Thailand's War With Vichy France

The story of an almost unknown war and its international repercussions on the eve of Pearl Harbor.

In late 1940 and early 1941 the Vichy French in Indochina and Thailand fought a short, bitter and now forgotten war. The conflict, over Thai claims to territories annexed by France, has been noteworthy to military historians solely because of a surprising French naval victory. French firmness against Thailand had also been stiffened by a tragi-comic misunderstanding with the Japanese over their agreed takeover of northern Indochina in September 1940.

Vichy success against Thailand was a severe embarrassment to the Japanese, who swiftly nullified the effect of the French triumph at the conference table, forcing France to cede substantial portions of Indochina to the aggrieved Thais. Although the war itself was a small sideshow which had no decisive bearing on the course of the wider Pacific struggle to come, the conflict and Japan's manipulation of both players was intended to improve Japan's strategic position. This it certainly did, reinforcing the ambitions of the 'Strike South' faction in the Japanese military.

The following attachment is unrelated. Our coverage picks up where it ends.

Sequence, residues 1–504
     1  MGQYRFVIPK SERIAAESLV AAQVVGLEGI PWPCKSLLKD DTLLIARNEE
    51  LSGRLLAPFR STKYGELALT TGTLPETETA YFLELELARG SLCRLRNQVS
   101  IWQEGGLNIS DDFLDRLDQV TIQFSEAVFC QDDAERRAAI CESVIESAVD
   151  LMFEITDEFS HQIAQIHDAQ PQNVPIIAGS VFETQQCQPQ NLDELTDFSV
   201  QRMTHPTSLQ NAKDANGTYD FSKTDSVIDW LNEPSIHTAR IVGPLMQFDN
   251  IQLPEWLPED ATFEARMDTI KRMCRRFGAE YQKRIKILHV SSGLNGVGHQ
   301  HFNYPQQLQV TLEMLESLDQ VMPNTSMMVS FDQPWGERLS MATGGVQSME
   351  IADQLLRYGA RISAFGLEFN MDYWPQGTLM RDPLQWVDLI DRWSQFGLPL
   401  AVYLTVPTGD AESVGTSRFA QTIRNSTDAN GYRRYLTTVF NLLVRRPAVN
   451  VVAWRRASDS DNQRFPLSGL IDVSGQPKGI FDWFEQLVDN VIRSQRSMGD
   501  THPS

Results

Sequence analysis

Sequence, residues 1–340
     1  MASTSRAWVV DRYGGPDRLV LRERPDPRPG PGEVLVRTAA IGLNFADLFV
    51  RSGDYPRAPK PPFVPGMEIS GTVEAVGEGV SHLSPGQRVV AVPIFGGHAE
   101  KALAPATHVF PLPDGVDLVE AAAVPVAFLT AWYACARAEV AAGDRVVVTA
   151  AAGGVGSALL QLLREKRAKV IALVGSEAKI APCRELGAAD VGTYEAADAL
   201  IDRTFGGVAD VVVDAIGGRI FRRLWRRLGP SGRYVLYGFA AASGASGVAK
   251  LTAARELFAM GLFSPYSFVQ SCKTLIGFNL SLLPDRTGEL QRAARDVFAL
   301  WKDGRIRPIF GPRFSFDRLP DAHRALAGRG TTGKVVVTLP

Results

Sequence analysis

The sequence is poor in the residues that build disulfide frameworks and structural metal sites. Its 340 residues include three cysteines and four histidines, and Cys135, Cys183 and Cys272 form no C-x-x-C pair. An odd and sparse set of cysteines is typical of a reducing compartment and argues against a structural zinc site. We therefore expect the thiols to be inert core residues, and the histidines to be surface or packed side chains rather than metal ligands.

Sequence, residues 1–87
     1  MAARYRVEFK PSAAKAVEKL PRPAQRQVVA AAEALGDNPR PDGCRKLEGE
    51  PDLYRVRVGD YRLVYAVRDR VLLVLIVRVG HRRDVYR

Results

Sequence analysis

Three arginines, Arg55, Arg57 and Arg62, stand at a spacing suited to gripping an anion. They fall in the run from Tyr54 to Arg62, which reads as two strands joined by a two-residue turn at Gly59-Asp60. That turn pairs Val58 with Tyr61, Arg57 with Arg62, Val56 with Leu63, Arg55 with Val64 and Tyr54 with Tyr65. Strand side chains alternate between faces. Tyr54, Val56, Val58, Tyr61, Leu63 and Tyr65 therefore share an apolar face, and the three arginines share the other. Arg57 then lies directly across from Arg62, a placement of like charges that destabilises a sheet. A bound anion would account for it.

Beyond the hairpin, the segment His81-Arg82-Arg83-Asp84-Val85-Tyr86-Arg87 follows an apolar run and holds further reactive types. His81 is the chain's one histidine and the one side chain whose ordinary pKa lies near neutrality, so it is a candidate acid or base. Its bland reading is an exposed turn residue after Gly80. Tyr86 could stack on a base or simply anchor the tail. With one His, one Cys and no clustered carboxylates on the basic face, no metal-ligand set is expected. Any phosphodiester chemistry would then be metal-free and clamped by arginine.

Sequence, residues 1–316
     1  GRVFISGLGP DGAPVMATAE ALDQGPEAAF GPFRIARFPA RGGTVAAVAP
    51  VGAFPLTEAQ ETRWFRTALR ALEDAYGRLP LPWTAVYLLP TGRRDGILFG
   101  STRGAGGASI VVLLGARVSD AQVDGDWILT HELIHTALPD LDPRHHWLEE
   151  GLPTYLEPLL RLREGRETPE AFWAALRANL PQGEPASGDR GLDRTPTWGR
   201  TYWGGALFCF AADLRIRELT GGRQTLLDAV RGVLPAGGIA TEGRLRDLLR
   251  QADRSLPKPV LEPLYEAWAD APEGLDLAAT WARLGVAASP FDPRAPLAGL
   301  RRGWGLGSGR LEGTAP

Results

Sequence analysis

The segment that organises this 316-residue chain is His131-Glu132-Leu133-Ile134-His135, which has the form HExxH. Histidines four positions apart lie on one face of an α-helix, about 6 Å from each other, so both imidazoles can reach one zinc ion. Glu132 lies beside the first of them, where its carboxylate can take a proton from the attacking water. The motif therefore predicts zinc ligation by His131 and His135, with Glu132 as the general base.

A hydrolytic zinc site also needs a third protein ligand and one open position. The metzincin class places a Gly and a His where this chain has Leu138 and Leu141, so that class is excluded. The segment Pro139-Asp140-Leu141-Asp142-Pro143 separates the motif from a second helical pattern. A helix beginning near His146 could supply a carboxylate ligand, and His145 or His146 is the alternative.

Before 1941 was out, Japanese troops in Indochina and Thailand were striking further afield, to Malaya and Singapore to the south and Burma to the west, in their doomed quest for a 'Greater East Asia Co-Prosperity Sphere' under their imperial control.

The conflict between Thailand and Vichy France cannot be adequately understood without reference to the long history of enmity between the Thais on the one hand and the French and the Vietnamese on the other. Siam, as Thailand was then called, was the one country in South East Asia never to have been colonised by a Western power, although during Louis XIV's reign the French almost took over after King Narai made the mistake of inviting them in to check Dutch ambitions. They came and they stayed: French garrisons installed at Bangkok and Mergui only falling to the Siamese after heavy loss of life.

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